Within days of resigning, I heard one morning, when I was barely awake, 

“You need to be a hospice volunteer.”

I had wanted to go into this for a while, but I had put it off. Three years ago, I looked at getting a higher education to my B.A. in Psychology to do this and earn money doing it, but as I tried to, doors seemed slammed shut. I was given wrong information, left messages that never got called back, and was told the only way I could do the work I wanted and get paid was to spend at least four years in school far and away from the actual work. 

While out on a walk in deep frustration, again the voice came,

“Work with people for now. Not paper.”

I knew this was an answer to stop pursuing school and sign up for the work, even if it meant doing it for free. 

Then Covid hit, closing the door for a bit.

Now unemployed, I was being told to pick it up again. I looked up hospice in my area, which there are a million, but picked the one that appeared first. I have learned that doors fly open when God leads you, despite trying to reason your way out of it. 

Filling out 21 pages of the orientation requirements made me wonder what they do to a person who they hire for real. I had to submit a resume, give them three references from people who would vouch for my character, do a background check, and even give blood. 

The technician was new, and it sprayed everywhere. I felt so emotionally beat down that it was a sign I was still alive. Usually, that might have bothered me, but I didn’t even care. 

“I am so sorry!” She said, embarrassed, eyes wide behind her mask. 

“That’s ok,” I said, remembering what it was like to start a new job that I had just left. I had moved quickly enough so it missed my clothes. For a week, the massive bruise on my arm reminded me that I had signed up for this. 

I was given some patients and began the journey. It’s a lot of listening, praying, and sometimes just quietly sitting still and observing. 

I often listen with my eyes. That sounds strange, but it’s true. 

A few weeks ago, as I said hello to one under my care, she looked at me, and I knew. 

Nothing was different about her health situation, and it appeared the same, but I was made aware with the voice speaking to me again of what was to come. She wasn’t going to be here much longer. So I did my best despite knowing that it wasn’t going to be long. 

Last week, when I went to see her before I got to her room, I heard in my mind, 

“If you see her lying in bed, this is your sign that you know she’s leaving soon.”

Usually sitting up in the sun in the day room, I found her lying on her bed, sound asleep. I didn’t wake her, but I knew this would be the last time I saw her, so I quietly said goodbye.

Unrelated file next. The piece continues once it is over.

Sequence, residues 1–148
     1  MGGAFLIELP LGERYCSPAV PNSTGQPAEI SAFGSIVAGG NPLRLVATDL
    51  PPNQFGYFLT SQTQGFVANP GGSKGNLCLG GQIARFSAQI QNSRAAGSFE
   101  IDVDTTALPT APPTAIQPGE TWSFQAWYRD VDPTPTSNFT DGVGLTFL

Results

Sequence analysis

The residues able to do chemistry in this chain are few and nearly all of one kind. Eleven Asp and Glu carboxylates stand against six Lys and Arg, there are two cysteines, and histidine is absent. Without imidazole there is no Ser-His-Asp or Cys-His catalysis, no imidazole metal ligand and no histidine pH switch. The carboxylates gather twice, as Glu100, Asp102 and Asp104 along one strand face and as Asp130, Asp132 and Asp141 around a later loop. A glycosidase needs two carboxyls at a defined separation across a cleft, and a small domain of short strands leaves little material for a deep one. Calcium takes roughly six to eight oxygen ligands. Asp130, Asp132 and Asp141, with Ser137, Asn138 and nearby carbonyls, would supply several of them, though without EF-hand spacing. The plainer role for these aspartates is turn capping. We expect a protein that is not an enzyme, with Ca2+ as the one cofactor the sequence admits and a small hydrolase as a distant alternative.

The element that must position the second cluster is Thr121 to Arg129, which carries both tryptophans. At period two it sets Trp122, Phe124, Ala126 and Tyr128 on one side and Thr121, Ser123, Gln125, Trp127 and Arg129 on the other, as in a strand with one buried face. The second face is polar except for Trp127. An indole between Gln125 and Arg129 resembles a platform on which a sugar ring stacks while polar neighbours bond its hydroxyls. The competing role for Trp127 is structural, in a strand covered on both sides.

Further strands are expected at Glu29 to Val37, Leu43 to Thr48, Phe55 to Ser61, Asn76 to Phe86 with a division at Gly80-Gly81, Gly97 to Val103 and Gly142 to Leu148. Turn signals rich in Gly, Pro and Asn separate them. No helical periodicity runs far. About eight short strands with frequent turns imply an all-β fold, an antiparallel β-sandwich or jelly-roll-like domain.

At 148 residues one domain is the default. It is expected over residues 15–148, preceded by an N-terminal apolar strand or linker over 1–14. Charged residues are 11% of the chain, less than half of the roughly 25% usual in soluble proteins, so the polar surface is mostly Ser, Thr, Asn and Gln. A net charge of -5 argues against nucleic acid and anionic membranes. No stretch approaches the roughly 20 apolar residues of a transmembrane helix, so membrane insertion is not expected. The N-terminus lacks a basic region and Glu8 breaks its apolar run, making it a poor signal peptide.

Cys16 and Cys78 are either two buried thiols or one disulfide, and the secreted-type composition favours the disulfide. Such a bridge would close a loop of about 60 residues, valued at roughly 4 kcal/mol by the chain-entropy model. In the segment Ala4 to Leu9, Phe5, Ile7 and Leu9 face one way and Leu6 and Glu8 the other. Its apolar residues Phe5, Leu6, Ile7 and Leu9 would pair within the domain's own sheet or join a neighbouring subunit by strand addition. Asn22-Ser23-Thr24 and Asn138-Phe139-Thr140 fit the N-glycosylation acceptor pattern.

I thought of her this past week, the day before I was to visit again. I even commented to my daughter that I felt I wouldn’t see her. Just before I left the house to go to her assisted living, I felt like I was to check my email. There I found a note telling me she had passed that morning. I was thanked for making her time left more pleasant.

I was glad I said certain things to her and made her laugh. It was the only indication that she was okay with me being there. When you know things ahead of time like this, a mixture of emotions follows. 

“I will check in on you next week,” I would say as I would leave. “I wanted to see how you were doing.”

She would then smile and say,

“I am so glad you did.” 

Her door was shut to her room when I got there the other day, and the spot in the day room where she sat was vacant. It appears as if it’s over to those who don’t see. On the other side, however, she is beaming in bright light, fully back to the fullness of her youth. I know that she walks now alongside those who have gone before her, and she is happy to be next to her husband, who she loved on earth so very much. 

This isn’t a job where I shuffle papers, and it’s not going to pay a single bill. 

It is a moment to become more aware of my days and those ahead of me. 

Again I find myself trying to understand something new about life while looking for answers to what is deemed as death. 

 It’s what we trust in but don’t yet see that keeps us going. Do you suppose a few ruts in the road or rocks in the path are going to stop us? When the time comes, we’ll be plenty ready to exchange exile for homecoming. (2 Corinthians. 5:7)

He must become greater and greater, and I must become less and less. (John 3:30)

(One of the places, I listen with my eyes)